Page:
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Norman Spector (Deddeda Stemler/Deddeda Stemler for The Globe and Mail)
Norman Spector (Deddeda Stemler/Deddeda Stemler for The Globe and Mail)


Demand for constitutional reform only builds Add to ...

Last week, in the lead-up to Prime Minister Stephen Harper’s meeting with first nations, Derek Nepinak, Grand Chief of the Assembly of Manitoba Chiefs, told The Globe and Mail he’d be asking Mr. Harper to schedule a conference of first ministers to explicitly spell out the constitutional rights of indigenous peoples. However, at their meeting on Tuesday, Mr. Harper gave no indication he’d be any more interested in discussing that issue than the Senate or Quebec.

As anyone who followed the Meech Lake saga will appreciate, Chief Nepinak’s demand was not without some irony. For was it not a Manitoba native legislator who held up a feather and killed the accord designed to reconcile Quebec with Canada’s Constitution?

At the time, Elijah Harper, too, demanded a constitutional conference to deal with aboriginal rights. And he was not mollified when it was pointed out that there had already been four since the Constitution was patriated, or that premiers had agreed unanimously in 1986 to deal with Quebec’s demands alone. For their part, leaders of the Assembly of First Nations could not be convinced by government representatives that a successful Quebec round would lead to further constitutional discussions, including on aboriginal rights.

To be sure, it’s unfair to single out aboriginal Canadians in the death of the Meech Lake accord. Back then, Alberta Senate reformers, too, refused to accept the agenda constraints of a Quebec round, though that had been agreed to under the chairmanship of their premier, Don Getty. And campaigners such as Senator Bert Brown (as he is today) rejected the notion that his long-sought objective would be easier to secure once the Quebec issue had been resolved.

Today, 20 years after the national referendum in which Canadians rejected the Charlottetown accord – an accord that addressed all constitutional demands simultaneously – no government appears eager to repeat the experience. Today, even a powerful Prime Minister atop a majority government is stymied in one of his key priorities, and Mr. Harper is having to pursue an elected Senate through the back door. Moreover, his institutional tinkering has started serious people talking about electing and then appointing future governors-general by way of a similar process, effectively doing away with the monarchy.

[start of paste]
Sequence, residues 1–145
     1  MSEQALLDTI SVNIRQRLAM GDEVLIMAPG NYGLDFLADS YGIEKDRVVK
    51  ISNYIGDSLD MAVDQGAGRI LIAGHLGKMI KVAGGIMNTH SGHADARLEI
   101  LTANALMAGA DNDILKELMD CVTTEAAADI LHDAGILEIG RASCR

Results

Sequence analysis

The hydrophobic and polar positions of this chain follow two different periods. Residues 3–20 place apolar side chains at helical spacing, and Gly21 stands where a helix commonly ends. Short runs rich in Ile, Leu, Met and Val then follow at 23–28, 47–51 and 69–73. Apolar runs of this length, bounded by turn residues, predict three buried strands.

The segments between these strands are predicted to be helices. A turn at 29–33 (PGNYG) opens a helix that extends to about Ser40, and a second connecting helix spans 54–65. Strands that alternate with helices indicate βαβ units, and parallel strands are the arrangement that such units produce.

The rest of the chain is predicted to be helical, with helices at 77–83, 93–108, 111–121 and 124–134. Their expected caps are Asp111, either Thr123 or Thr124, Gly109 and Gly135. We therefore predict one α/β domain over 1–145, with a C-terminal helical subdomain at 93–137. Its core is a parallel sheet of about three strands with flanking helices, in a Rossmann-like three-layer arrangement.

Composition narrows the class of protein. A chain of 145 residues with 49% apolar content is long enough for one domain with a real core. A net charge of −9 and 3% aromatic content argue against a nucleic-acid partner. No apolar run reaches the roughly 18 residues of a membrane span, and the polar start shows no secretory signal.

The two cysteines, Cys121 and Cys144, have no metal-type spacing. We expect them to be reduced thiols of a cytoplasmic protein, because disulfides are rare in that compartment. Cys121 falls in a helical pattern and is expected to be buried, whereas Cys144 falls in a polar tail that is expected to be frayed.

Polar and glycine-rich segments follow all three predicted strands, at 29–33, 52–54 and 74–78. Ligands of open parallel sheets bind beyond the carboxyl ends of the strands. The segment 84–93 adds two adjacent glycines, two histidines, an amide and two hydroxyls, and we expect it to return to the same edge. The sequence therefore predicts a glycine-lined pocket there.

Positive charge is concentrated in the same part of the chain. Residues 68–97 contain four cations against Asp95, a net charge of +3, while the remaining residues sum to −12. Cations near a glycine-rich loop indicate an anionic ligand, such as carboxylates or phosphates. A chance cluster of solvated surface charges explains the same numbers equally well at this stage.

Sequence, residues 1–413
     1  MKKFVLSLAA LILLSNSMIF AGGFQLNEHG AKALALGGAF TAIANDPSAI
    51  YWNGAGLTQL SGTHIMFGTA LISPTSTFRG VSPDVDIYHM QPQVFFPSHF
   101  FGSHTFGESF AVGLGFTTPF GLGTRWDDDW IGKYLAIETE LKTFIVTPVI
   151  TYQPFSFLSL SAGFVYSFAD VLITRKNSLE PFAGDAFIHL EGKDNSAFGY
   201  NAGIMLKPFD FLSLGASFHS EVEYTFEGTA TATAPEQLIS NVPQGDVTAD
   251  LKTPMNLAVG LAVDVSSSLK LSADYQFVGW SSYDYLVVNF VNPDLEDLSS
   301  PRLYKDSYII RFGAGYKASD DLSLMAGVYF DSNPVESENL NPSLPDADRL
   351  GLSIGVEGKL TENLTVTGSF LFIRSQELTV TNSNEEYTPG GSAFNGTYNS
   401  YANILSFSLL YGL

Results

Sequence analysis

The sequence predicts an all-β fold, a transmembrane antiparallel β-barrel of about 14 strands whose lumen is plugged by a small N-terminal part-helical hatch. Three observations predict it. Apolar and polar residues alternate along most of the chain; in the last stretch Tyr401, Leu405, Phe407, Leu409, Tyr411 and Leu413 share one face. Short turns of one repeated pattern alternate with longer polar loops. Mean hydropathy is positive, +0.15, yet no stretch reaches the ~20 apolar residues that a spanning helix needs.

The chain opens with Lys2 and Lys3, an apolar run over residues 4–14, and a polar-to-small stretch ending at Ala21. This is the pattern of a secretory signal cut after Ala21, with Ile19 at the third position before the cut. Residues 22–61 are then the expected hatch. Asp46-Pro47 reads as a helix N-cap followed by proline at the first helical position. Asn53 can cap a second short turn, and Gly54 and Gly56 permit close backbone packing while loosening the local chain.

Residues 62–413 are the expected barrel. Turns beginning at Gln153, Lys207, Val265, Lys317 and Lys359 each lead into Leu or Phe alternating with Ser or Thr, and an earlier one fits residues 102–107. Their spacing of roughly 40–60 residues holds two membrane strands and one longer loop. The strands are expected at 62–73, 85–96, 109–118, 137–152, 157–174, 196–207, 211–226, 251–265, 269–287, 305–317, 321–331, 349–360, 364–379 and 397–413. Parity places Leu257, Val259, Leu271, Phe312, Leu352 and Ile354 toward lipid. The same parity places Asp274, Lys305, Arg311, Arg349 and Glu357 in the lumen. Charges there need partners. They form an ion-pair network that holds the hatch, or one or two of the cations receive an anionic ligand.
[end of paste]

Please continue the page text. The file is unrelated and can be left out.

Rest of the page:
During the long Meech Lake saga, three predictions were made about Canada’s future insofar as the Constitution was concerned.

In his appearance before a Senate committee where he denounced the accord, former prime minister Pierre Trudeau stated that Meech Lake was unnecessary, as Canada had a Constitution that would last 1,000 years.

In contrast, Brian Mulroney – in a vain attempt to persuade Manitoba and Newfoundland to ratify the accord – predicted that on the night of a future referendum, Canadians would look back and regret not having resolved the problem of Quebec’s constitutional isolation at a reasonable price.

For his part, Jean Chrétien – who played a key role in killing the accord – said it would be no big deal if Meech Lake failed. It was like getting stuck in the snow, he said, you go forward and you go back and eventually you get unstuck.

So far, we know that Mr. Chrétien was wrong.

And although it’s too early to say whether Mr. Trudeau’s or Mr. Mulroney’s prediction will prove more prescient, one thing is sure: Proposals and demands for constitutional reform will continue to build up, leaving Canadians to work around a constitution that effectively cannot be amended.

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